To be clear about what may now appear to be a willingness to invade other countries - you write "if it were the case as you describe it that the invasion and occupations of Iraq and Afghanistan were justified under Just War precepts, then any nation’s leader could claim that he or she had to invade because the people in that country were being mistreated by the existing government. There would be no bar from invasions happening all of the time by territorial hungry governments."

I believe criteria 3 and 4 specifically address this point. Hunger for territory is CERTAINLY NOT beginning "with the right intentions". The intent must be to resolve the unjust circumstance - not in answer to mineral rights, resource control, territorial ambition or any of the other myriad justifications used for war. To point 4 - doing this only as a "last resort" after allowing both the issue to be properly addressed by both sides, and having a thorough discussion of the values at stake amongst the global community at large are prerequisites. For example, current (reportedly) repressive actions by the Iranian leadership are in no way approaching "just war" criteria - we're still at the stage of sorting out what acts are happening, and discussing the values at stake. Not to mention the "reasonable chance of success" criteria [btw, the latter is most troublesome about Afganistan - I have high hopes for the new leadership].

We may remain on different ends of the political spectrum and even come to different judgements as to the validity of our positions. One of the great things about our country is the ability for us to have this discussion openly, and take actions via the ballot box or legal system to resolve our disputes.

There are problems with all of the Just War criteria in these wars. I will mention a few here, but first, re: your first paragraph:

"I am not in a position to know the actions of the Executive Branch with regard to the specific justification used, having not been privy to the inner workings of the top leaders of our government. While there has been much made of WMD and other pronouncements in the popular press and even in some of the documentation released to date, I will leave it to the historians (or those with current levels of full access) to sort out the specifics."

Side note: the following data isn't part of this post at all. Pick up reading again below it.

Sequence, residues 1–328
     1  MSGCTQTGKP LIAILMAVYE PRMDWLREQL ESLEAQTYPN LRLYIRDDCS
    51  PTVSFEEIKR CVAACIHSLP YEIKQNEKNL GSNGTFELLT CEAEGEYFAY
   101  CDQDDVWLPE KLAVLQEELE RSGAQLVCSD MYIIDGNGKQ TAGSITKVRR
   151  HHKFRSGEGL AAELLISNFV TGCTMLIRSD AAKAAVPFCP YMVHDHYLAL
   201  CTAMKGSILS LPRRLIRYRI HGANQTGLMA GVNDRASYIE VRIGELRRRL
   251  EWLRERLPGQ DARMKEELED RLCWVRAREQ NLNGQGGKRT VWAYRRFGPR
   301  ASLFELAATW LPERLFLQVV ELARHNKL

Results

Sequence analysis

As a citizen in a so-called democracy stating that you aren't privy to critical information and therefore can't pass judgment and have to rely on the top leadership's good will means that you aren't really acting as if this was "by, for and of the people." Bureaucracies by their very nature lie and conceal. Max Weber observed this a long time ago. As a military officer I can see how you would be predisposed not to question very deeply (it comes with the job to a significant extent), but your stance on this question means that the people are prey to government lying and manipulation.

Secondly, the evidence is there to be seen. It doesn't require historians to sort out after the fact. It was available before the invasion (I was one of the people trying to get that info out to people then) and it is even more available now.

(This typing is hard as I just had surgery on my hand and it's all bandaged up. I'm going to have to postpone responding to the rest of this to later.)
Dennis - sorry about the hand! Must make it tough to keep at it - perhaps some good voice recognition software?

While I agree that government is of/for/by the people, I also believe we participate in a "representative" democracy vice a direct democracy. I do not expect to be privy to every element of decision making - I elect people to represent my interests, and "vote the bums out" if they don't. I personally keep abreast of events, and count on the the checks and balances of the system to assist me in my judgements (hence my micro-level "check" referenced above). These checks range from the three-branch construct we enjoy with the legislative, executive and judicial branches to the freedoms constitutionally guaranteed allowing a fully functioning "fourth estate".

I expect my representatives (with whom I hav met - as a constituent) to fulfil their functions equally as much as I expect the executive branch to do their sworn duty. And I keep involved in forums from the free-flowing Blog world to structured media in daily/weekly/monthly formats.

Rather than being "predisposed not to question very deeply", I believe that, as a military leader, I have an obligation to understand at a fairly deep level both the issues at stake and their relative merit.

For example, the actions reportedly taken by National Guard troops in confiscating personal firearms from New Orleans citizens falls outside of the bounds of correct and appropriate action - amounting to illegal orders. I would not be able to lead people in such work. I've personally had a few "bet your bars" moments in my career (where I drew lines that I would not cross and made public my position to those with greater levels of authority), and have fortunately been able to keep both my integrity and my career. I realize that is not always the case, and I sympthazize with your previous observations about whistle-blowers.
Craig: I don't have a voice recognition program. Maybe one day. I'm going to make this quick because typing is hard right now. Ordinarily I would respond in greater detail to your comments.

Appreciate the fact that you believe it's your duty to know what the government is ordering you to do. Not the typical stance of someone in military uniform. Speaks well of you.